Fear is one of the emotions all living beings face at different times in their lives. I am sure all of us have and will face ‘fear’ at various points of time in our lives.
It could be the fear of dying, fear of losing, fear of failure, and sometimes fear of the unknown. The condition of mental depression is many times associated with the fear of the unknown. I would put the high anxiety and related disorders, due to the uncertain pandemic, in the basket of the ‘fear of the ‘unknown’ — a fear that comes with uncertainty, apparent vulnerability, mass hysteria, and the real and present danger.
As a professional, as a member of a family, as an entrepreneur, I have experienced fear many times. I believe we all do.
Even in the real world, like in many films, the individuals either overcome fear and succeed, or they succumb to pressure and vanish. I believe it is all about how we are made: genetic predisposition, upbringing, circumstances, and the environment — local and peripheral.
I have seen that of when a talented and aspiring individual is given an opportunity to be a leader, the outcome can go either way:
Fear takes over, and the individual becomes reticent and prefers to remain in the ‘comfort zone’.
‘Fear becomes the key’ that is used to pump adrenaline, become more courageous, face the fears and overcome hurdles, and the individual becomes a true leader.
I personally believe it is the emotional strength of the individual that makes a difference between succumbing to fear, or facing it squarely and conquering it. It is famously said that many talented individuals chose not to become entrepreneurs because of the ‘fear of failure’, and hence they prefer to stay in their comfort zone, and the society is bereft of many potential leaders. This is more true in conservative and traditional societies.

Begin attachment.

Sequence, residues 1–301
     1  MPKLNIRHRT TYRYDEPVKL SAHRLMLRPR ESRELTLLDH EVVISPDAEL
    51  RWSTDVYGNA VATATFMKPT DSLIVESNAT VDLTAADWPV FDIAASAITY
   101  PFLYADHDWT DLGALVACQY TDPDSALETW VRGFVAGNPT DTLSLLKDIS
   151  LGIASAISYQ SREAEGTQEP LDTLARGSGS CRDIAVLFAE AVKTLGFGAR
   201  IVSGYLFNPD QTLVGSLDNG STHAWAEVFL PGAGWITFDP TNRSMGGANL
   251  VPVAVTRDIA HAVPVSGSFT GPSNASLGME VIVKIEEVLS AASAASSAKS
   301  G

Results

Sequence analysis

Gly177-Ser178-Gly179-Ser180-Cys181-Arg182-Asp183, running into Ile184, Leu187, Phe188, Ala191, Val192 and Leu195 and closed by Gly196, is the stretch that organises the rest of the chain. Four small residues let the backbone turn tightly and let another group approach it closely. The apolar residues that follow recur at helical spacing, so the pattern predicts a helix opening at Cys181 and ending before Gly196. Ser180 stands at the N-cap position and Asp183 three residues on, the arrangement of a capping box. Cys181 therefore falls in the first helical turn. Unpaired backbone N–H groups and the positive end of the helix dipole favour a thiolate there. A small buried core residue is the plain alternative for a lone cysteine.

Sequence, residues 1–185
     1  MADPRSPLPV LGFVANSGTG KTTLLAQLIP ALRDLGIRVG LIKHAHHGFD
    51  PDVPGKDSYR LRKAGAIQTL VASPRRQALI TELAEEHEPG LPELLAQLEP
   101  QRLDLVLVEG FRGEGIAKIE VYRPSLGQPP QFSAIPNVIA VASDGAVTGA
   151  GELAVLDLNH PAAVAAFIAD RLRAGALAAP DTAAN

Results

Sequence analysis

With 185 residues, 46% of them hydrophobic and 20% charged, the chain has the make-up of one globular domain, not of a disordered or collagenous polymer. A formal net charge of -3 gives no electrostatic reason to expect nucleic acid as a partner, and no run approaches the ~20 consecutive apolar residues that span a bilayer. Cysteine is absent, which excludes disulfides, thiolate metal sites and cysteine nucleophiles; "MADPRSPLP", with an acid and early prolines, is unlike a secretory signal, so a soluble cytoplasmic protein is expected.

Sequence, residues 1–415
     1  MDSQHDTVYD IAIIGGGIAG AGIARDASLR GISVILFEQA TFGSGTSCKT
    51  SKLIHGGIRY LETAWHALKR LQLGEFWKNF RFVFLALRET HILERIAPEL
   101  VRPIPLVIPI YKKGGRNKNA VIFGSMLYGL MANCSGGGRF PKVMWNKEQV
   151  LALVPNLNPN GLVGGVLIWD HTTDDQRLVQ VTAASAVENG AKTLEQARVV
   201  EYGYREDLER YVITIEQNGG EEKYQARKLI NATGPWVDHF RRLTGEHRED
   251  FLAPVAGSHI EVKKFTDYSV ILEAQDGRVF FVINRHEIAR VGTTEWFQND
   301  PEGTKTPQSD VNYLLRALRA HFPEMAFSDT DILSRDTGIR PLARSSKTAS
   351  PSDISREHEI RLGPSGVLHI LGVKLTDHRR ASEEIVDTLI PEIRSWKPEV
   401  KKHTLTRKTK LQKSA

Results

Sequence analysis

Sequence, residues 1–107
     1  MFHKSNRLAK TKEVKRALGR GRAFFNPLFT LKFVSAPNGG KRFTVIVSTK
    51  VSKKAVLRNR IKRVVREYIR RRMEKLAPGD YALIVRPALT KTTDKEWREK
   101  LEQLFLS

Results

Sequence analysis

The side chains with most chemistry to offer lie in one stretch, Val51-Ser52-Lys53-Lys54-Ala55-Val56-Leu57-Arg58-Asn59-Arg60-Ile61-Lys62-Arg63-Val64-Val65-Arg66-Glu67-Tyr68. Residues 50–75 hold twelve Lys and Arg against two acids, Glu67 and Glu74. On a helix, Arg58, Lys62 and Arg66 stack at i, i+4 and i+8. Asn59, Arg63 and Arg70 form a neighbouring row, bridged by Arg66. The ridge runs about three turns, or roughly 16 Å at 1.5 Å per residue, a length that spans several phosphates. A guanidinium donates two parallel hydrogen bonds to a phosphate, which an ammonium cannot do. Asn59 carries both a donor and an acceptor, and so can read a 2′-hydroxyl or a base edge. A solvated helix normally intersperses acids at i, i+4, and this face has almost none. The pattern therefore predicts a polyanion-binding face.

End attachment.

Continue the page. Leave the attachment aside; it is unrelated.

When I was in school in the 1970s in India, a businessman was often scorned, because there was a belief amongst the more traditional and highly conservative sections of the society that business meant profiteering, and profiteering at the cost of the common man. Most families would be happy if they had an individual in their family getting a government job, and later in the 1980s, public sector banks and companies became the ‘top of the heap’ ambition.
Entrepreneurship was still an ‘American Dream’ or a ‘Silicon Valley’ culture in the 1990s. Indian entrepreneurship got inspired by the stories from the Valley, and also by the great Indian business leaders like the Tatas, followed by other leaders like Narayana Murthy, Shiv Nadar, Azim Premji, and many others.
In the Silicon Valley culture, it was okay to fail, and it did not mean the end of life. You could still do another startup, and you would find backers for it. In India failing as an entrepreneur was still taboo, and hence the ‘fear of failure’ mitigated many aspiring and great ideas taking the shape of an enterprise.
In the recent decade, entrepreneurship, startups, venture funding, valuations, exits, and serial entrepreneurships have become fashionable. Entrepreneurs-turned-investors have a ‘risk appetite’! How much can they risk investing in an idea, in a team, without the fear of failure?
With the changed attitude of the society towards entrepreneurs and startups, ‘fear of failure’ seems to be receding. It does not make young entrepreneurs feel weak in their knees or break into a sweat when they start their journeys. They are better prepared, courageous and tenacious to fly through the turbulent journey of being an entrepreneur. Stronger the conviction and passion, the less likely they are to fail. ‘Fear is the key’ to do more!